// calculate the average transmitted intensity (if you know the polarization distribution of your
// light source, you should specify it here. if you don't, a 50%/50% average is generally used)
float t = beamRatio * (ts + tp) / 2;
// and finally, derive the reflected intensity
return 1 - t;
}
```

We can now sample this function at red, green, and blue wavelengths (650, 510, 475 nanometers, respectively) and substitute the RGB reflectance obtained into the Fresnel term of the BRDF. Or, if you are rendering spectrally, just give the wavelength directly. That's it.
One word on polarization - in general, in computer graphics, we assume light contains an equal amount of s-polarized and p-polarized light waves. Then the Fresnel reflection coefficient is simply an average between the s-polarized and p-polarized light reflection coefficients, as the comment indicates. If you have more information on how much s-polarized light is emitted by your light source, then the average should reflect that.
## BRDF Explorer Sample

The following shader script implements the BRDF in the Disney BRDF Explorer tool, using the stock Blinn-Phong shader with the default microfacet distribution. Note how we just implemented the code separately and multiplied the BRDF by the modified "thin film" Fresnel term.```
analytic
# Blinn Phong based on halfway-vector with single-layer thin
# film wave interference effects via a Fresnel film coating.
::begin parameters
float thickness 0 3000 250 # Thin film thickness (in nm)
float externalIOR 0.2 3 1 # External (air) refractive index
float thinfilmIOR 0.2 3 1.5 # Layer (thin film) refractive index
float internalIOR 0.2 3 1.25 # Internal (object) refractive index
float n 1 1000 100 # Blinn-Phong microfacet exponent
::end parameters
::begin shader
const float PI = 3.14159265f;
/* Amplitude reflection coefficient (s-polarized) */
float rs(float n1, float n2, float cosI, float cosT)
{
return (n1 * cosI - n2 * cosT) / (n1 * cosI + n2 * cosT);
}
/* Amplitude reflection coefficient (p-polarized) */
float rp(float n1, float n2, float cosI, float cosT)
{
return (n2 * cosI - n1 * cosT) / (n1 * cosT + n2 * cosI);
}
/* Amplitude transmission coefficient (s-polarized) */
float ts(float n1, float n2, float cosI, float cosT)
{
return 2 * n1 * cosI / (n1 * cosI + n2 * cosT);
}
/* Amplitude transmission coefficient (p-polarized) */
float tp(float n1, float n2, float cosI, float cosT)
{
return 2 * n1 * cosI / (n1 * cosT + n2 * cosI);
}
/* Pass the incident cosine. */
vec3 FresnelCoating(float cos0)
{
/* Precompute the reflection phase changes (depends on IOR) */
float delta10 = (thinfilmIOR < externalIOR) ? PI : 0.0f;
float delta12 = (thinfilmIOR < internalIOR) ? PI : 0.0f;
float delta = delta10 + delta12;
/* Calculate the thin film layer (and transmitted) angle cosines. */
float sin1 = pow(externalIOR / thinfilmIOR, 2) * (1 - pow(cos0, 2));
float sin2 = pow(externalIOR / internalIOR, 2) * (1 - pow(cos0, 2));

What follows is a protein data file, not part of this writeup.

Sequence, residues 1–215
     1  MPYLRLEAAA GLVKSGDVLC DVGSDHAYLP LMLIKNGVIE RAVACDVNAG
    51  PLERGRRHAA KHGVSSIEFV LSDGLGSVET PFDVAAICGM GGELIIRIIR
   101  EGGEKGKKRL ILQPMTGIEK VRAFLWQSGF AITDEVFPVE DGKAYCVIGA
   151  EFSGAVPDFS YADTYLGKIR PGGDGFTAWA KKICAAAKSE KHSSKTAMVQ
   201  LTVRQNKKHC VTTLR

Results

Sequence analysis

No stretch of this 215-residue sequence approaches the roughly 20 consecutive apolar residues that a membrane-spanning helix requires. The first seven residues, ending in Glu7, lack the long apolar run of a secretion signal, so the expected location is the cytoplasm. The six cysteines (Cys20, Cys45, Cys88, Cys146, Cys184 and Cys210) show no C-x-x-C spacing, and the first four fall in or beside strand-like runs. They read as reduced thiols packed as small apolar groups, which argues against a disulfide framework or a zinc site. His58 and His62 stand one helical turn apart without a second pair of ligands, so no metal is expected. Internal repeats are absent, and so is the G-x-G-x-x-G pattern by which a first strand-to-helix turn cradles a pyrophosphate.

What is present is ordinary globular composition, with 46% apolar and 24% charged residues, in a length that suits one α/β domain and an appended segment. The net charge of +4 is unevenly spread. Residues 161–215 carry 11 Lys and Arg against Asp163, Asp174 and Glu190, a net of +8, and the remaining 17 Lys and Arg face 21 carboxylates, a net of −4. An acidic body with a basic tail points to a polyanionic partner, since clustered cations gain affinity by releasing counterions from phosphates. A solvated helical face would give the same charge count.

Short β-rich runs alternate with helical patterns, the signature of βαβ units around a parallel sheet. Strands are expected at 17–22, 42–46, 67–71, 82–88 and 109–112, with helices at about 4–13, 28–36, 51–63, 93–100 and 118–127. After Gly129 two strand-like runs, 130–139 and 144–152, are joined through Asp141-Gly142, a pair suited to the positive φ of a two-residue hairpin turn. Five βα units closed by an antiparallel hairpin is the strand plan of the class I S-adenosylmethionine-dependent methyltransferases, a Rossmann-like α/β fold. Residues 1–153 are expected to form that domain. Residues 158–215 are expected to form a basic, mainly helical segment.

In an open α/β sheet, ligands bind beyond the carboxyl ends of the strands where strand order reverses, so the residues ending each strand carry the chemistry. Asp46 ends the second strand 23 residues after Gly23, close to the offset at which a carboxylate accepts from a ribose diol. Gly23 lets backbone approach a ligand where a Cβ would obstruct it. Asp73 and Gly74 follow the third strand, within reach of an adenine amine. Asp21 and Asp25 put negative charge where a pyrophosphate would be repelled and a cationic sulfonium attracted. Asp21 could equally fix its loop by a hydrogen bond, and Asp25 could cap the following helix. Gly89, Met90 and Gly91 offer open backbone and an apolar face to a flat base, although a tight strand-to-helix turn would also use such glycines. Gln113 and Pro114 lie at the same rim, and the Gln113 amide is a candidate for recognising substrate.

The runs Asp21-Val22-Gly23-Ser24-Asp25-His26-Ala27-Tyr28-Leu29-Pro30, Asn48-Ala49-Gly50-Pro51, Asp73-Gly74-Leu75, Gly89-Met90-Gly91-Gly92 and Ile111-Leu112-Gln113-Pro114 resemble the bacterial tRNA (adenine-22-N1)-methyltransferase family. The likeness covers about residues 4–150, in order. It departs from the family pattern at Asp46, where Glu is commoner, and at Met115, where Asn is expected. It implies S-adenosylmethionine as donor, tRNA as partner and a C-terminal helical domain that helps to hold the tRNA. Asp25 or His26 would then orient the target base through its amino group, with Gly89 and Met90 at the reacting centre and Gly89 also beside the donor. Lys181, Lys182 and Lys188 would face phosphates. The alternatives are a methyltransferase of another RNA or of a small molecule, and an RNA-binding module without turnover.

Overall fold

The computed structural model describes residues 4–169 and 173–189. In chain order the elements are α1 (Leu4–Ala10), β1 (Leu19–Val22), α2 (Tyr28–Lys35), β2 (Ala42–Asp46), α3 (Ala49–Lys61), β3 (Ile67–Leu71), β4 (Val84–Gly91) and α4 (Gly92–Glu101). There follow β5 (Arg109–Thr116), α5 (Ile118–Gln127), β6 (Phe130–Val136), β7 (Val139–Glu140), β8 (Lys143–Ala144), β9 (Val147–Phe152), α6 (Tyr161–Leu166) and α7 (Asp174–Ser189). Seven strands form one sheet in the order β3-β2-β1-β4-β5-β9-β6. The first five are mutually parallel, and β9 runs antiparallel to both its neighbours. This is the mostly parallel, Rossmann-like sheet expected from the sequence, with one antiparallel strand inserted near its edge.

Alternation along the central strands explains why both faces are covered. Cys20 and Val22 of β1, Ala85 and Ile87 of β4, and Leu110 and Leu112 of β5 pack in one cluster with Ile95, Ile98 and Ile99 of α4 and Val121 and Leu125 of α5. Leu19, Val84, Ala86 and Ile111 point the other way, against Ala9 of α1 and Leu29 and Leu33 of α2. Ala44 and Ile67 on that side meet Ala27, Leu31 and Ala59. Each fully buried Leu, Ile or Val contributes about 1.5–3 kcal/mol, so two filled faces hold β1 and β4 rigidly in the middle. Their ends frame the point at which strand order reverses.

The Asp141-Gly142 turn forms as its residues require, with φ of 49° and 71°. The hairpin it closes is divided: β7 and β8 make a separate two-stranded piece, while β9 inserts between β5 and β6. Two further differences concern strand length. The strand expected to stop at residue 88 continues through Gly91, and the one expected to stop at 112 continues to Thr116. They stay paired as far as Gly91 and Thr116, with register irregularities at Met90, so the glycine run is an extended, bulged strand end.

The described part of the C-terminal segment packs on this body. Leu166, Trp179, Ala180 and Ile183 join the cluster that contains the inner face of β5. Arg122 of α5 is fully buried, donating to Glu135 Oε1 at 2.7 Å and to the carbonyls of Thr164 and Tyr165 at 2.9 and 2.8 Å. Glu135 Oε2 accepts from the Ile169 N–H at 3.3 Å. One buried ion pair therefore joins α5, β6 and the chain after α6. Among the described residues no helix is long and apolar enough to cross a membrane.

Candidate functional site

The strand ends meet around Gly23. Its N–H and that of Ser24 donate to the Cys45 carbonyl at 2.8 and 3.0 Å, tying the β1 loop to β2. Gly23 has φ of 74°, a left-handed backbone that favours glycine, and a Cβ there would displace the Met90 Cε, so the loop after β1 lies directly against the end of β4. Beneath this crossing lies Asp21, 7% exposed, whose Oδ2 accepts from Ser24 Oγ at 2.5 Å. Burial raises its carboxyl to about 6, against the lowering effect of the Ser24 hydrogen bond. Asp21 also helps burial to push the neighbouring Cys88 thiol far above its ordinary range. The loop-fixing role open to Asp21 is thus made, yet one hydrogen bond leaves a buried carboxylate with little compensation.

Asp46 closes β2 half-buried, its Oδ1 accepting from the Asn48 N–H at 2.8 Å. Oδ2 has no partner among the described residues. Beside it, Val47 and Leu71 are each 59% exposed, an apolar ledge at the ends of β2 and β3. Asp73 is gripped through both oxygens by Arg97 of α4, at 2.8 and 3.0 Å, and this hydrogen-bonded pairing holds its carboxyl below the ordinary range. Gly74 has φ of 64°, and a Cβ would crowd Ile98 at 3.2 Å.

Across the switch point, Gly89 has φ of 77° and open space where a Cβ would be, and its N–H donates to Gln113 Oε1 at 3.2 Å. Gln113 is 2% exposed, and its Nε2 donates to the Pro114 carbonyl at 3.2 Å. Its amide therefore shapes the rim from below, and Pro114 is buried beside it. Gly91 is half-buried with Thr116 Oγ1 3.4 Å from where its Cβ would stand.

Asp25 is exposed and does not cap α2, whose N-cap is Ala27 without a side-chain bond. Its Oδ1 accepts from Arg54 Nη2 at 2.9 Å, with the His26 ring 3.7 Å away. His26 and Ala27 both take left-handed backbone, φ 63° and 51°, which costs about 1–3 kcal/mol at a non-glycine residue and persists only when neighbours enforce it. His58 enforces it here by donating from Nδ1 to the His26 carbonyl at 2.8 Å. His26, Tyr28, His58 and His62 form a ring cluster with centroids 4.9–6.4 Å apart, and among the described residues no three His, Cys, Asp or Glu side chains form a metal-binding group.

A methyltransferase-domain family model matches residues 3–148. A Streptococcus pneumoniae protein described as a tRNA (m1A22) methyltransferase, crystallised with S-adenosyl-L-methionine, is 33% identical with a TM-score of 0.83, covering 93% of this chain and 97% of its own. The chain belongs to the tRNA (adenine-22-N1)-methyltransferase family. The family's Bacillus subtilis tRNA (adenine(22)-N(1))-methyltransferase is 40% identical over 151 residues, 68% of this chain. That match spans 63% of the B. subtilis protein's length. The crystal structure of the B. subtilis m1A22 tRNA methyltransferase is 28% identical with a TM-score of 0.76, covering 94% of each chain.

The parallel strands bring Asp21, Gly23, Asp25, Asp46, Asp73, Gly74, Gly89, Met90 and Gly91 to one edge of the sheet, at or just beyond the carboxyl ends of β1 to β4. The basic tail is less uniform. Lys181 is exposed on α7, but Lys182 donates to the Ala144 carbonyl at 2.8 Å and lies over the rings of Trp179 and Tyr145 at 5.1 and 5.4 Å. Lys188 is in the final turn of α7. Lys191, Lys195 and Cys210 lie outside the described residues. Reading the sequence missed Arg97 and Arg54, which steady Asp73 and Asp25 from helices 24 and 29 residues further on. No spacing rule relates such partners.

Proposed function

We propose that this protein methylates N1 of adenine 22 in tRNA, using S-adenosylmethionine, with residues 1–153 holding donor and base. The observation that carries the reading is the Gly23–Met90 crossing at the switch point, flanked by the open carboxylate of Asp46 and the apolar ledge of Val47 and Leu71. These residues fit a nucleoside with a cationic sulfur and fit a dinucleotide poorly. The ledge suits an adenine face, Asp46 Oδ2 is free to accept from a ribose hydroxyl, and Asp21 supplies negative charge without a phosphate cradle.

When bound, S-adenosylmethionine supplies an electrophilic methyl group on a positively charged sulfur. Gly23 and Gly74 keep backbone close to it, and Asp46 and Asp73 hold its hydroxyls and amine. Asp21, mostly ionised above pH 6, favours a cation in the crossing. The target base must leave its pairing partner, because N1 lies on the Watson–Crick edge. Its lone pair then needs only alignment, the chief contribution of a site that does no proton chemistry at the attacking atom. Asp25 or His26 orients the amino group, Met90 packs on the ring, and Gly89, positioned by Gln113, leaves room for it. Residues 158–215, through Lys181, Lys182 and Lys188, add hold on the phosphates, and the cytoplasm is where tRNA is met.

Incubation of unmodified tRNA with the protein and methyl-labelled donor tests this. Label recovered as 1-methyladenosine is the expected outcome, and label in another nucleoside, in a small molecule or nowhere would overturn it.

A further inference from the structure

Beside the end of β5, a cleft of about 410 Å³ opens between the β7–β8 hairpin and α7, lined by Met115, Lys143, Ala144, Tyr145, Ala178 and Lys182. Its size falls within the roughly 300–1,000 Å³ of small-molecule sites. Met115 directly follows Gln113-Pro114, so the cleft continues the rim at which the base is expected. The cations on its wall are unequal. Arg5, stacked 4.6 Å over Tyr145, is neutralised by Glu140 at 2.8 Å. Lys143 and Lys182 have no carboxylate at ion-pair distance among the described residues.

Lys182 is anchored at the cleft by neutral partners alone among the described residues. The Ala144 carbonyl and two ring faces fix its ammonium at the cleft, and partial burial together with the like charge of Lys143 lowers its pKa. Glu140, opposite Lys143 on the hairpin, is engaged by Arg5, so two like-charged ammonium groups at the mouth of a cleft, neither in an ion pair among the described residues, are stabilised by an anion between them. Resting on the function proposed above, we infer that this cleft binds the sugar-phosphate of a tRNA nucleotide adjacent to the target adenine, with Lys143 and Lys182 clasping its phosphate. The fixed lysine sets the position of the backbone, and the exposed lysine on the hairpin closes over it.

if ((sin1 > 1) || (sin2 > 1)) return vec3(1); /* Account for TIR. */
float cos1 = sqrt(1 - sin1), cos2 = sqrt(1 - sin2);
/* Calculate the interference phase change. */
vec3 phi = vec3(2 * thinfilmIOR * thickness * cos1);
phi *= 2 * PI / vec3(650, 510, 475);
phi += delta;
/* Obtain the various Fresnel amplitude coefficients. */
float alpha_s = rs(thinfilmIOR, externalIOR, cos1, cos0)
* rs(thinfilmIOR, internalIOR, cos1, cos2);
float alpha_p = rp(thinfilmIOR, externalIOR, cos1, cos0)
* rp(thinfilmIOR, internalIOR, cos1, cos2);
float beta_s = ts(externalIOR, thinfilmIOR, cos0, cos1)
* ts(thinfilmIOR, internalIOR, cos1, cos2);
float beta_p = tp(externalIOR, thinfilmIOR, cos0, cos1)
* tp(thinfilmIOR, internalIOR, cos1, cos2);
/* Calculate the s- and p-polarized intensity transmission coefficient. */
vec3 ts = pow(beta_s, 2) / (pow(alpha_s, 2) - 2 * alpha_s * cos(phi) + 1);
vec3 tp = pow(beta_p, 2) / (pow(alpha_p, 2) - 2 * alpha_p * cos(phi) + 1);
/* Calculate the transmitted power ratio for medium change. */
float beamRatio = (internalIOR * cos2) / (externalIOR * cos0);
/* Calculate the average reflectance. */
return 1 - beamRatio * (ts + tp) * 0.5f;
}
vec3 BRDF(vec3 L, vec3 V, vec3 N, vec3 X, vec3 Y)
{
vec3 H = normalize(L + V);
float val = pow(max(0, dot(N, H)), n);
return vec3(val) * FresnelCoating(dot(V, H));
}
::end shader
```

It is worth noting that this is a reference implementation meant to be readable, and can be thoroughly optimized. In particular, the Fresnel calculations are the most expensive, but there are numerous ways of reducing the amount of computations. For instance, we can use the reciprocity properties of s-polarized light, and also recycle many intermediate calculations. If you are not interested in perfect physical accuracy, you can also skip the polarization calculations and directly use intensity Fresnel coefficients, though because amplitudes are signed and intensities are not, you will need to calculate the proper sign to use for the cosine term somehow (or just ignore it altogether and have incorrect but plausible thin film interference).
If you are really desperate about runtime performance, you can still retain the nice colorful patterns while trading physical accuracy by approximating the final formula however you see fit, the only fundamental requirement is that the \(\cos{\varphi}\) term be in there somewhere.
This is a screenshot of the above BRDF's polar plot at incidence 45 degrees and illustrates its wavelength-dependent nature: